It took me four days to do it, but I think I finally created a passable portrait of Christopher Walken, which is good since it’s on my list of 32 things to do before I turn 33 and my birthday is coming up!
These are a few of the doodles that I’ve done over the past few weeks, which all happen to be of men. The first one was originally going to be of my friend, Tony, but I quickly gave up on the idea because he was having a conversation with people and I couldn’t really get a good look at him.
This second doodle, which I did on the plane ride home from Argentina, is of Jim. I think it’s funny because it looks like Jim, but a sort of alternate universe Jim where he has a longer head.This last one I did during a meeting at work. Perhaps some of my co-workers will recognize it
While we were on vacation in Argentina I took some video, and I was finally able to put something together with the footage! I set it to the song Helplessness Blues by Fleet Foxes because Jim always says it’s our song, and also because I had the song in my head so often while we were there. Somehow the beauty of the landscape reminded me of the lyrics.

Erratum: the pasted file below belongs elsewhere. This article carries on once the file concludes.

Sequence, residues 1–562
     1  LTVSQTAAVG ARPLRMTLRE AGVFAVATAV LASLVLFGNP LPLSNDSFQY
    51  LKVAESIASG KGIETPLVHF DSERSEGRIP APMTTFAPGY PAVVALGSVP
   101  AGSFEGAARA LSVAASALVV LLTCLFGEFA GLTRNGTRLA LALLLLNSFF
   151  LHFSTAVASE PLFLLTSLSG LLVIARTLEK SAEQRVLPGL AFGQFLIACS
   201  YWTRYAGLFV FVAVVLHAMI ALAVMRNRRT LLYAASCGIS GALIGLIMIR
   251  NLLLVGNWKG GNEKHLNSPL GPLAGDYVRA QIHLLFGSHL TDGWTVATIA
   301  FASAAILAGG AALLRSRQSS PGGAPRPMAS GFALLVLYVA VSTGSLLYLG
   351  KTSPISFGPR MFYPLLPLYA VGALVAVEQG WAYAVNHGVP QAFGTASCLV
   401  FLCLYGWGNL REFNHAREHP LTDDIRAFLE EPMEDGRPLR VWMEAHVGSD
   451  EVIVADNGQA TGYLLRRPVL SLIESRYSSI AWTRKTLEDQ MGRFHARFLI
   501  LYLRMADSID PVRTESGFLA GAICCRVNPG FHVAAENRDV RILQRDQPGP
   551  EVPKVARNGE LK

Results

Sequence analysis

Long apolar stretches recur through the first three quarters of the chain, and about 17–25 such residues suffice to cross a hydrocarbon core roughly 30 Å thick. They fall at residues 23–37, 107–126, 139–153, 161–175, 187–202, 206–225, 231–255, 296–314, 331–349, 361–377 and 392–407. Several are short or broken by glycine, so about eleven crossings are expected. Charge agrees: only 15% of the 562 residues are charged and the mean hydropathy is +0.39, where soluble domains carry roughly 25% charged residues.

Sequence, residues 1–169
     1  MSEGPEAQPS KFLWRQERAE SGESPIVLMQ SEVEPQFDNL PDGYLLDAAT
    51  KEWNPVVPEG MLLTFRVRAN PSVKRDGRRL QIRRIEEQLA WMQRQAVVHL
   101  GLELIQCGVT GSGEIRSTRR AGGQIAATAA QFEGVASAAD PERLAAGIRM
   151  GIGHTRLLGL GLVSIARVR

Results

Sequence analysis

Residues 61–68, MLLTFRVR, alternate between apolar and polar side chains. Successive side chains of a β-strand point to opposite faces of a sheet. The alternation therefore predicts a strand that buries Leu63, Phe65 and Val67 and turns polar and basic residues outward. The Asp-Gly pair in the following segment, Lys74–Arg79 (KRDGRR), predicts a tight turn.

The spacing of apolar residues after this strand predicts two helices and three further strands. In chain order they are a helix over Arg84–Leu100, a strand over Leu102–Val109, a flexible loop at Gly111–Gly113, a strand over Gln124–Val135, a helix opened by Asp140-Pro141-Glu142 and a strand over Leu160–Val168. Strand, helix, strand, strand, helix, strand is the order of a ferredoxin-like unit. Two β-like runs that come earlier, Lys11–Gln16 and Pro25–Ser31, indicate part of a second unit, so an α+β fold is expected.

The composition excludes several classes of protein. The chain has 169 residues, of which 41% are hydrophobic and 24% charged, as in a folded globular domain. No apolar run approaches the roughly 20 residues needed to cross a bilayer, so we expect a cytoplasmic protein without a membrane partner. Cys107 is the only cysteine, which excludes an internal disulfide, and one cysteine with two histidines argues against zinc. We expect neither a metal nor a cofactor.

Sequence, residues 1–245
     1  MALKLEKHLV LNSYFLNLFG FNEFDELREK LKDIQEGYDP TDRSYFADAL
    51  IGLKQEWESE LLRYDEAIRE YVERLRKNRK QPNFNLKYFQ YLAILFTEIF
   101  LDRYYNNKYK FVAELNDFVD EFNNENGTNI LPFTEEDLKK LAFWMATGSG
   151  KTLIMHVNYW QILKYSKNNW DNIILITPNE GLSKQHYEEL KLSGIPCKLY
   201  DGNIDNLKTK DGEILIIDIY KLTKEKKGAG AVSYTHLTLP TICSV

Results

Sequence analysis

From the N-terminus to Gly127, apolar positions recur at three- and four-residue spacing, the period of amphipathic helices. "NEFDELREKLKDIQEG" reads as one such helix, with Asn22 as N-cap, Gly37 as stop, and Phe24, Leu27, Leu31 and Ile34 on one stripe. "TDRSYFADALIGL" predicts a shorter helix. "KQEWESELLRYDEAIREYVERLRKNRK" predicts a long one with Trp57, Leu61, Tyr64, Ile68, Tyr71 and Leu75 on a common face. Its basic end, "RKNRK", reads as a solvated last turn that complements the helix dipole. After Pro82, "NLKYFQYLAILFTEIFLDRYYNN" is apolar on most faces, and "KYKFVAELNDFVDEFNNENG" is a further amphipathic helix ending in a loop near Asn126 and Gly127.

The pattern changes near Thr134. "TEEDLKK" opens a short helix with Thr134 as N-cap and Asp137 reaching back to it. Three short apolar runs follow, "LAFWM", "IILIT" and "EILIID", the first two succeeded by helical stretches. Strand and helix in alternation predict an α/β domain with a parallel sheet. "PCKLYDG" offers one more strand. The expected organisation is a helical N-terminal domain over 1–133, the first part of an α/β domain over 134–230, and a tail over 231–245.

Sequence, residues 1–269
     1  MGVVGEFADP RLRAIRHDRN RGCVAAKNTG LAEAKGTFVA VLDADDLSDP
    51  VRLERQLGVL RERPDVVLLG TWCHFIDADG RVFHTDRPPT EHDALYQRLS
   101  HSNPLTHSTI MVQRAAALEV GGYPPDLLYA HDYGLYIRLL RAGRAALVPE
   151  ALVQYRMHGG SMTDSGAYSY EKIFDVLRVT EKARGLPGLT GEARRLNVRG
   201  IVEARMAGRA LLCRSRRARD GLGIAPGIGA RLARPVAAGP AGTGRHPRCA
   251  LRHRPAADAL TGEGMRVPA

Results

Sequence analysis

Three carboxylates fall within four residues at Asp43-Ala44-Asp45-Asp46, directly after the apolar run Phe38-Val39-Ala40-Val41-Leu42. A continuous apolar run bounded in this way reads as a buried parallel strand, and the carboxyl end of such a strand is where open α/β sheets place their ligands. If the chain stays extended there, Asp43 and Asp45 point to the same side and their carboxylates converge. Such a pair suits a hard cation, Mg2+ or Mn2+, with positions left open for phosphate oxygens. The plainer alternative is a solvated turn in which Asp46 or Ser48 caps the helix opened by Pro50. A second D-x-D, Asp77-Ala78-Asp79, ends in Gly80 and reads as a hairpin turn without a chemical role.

During our flight home from Argentina, I made this quick sketch of Lourenço Bustani, who is, according to our in-flight magazine, an innovative and successful businessman from Brazil.
I made this doodle on our camping trip in Patagonia, mostly while we were stuck inside our tent waiting out the rain. I think it kind of looks like aliens waiting in a line
During our travels to Buenos Aires and Patagonia, I made several doodles to pass the time. Although this one looks simple, it probably took me about two hours to make it. Jim says it looks like a maze of glaciers. After finishing it, I realized he was right, which is weird because I started it before I’d ever even seen a glacier.
Plaster crumbling from colorful old buildings, rusty iron balconies, black and white tile all cracked and broken, tropical plants so big they might be monsters. These are some of the things you see when you look into the a hidden courtyard in Buenos Aires. These things transport you to another world, a time of the past, and give you a glimpse at what Argentina might really be like: quiet, nostalgic, and somewhat falling apart.
After our time in Patagonia, we headed up to Buenos Aires to enjoy the last few days of our vacation. On our first day there, we quickly discovered that the streets of Buenos Aires are quite different from these whispering courtyards. Instead the streets are bustling and modern, with black and yellow taxis zipping by and people, young and old, walking swiftly to unknown destinations. Perhaps they’re on their way to a corner cafe to have a coffee or to an afternoon meeting in the hectic micro-center.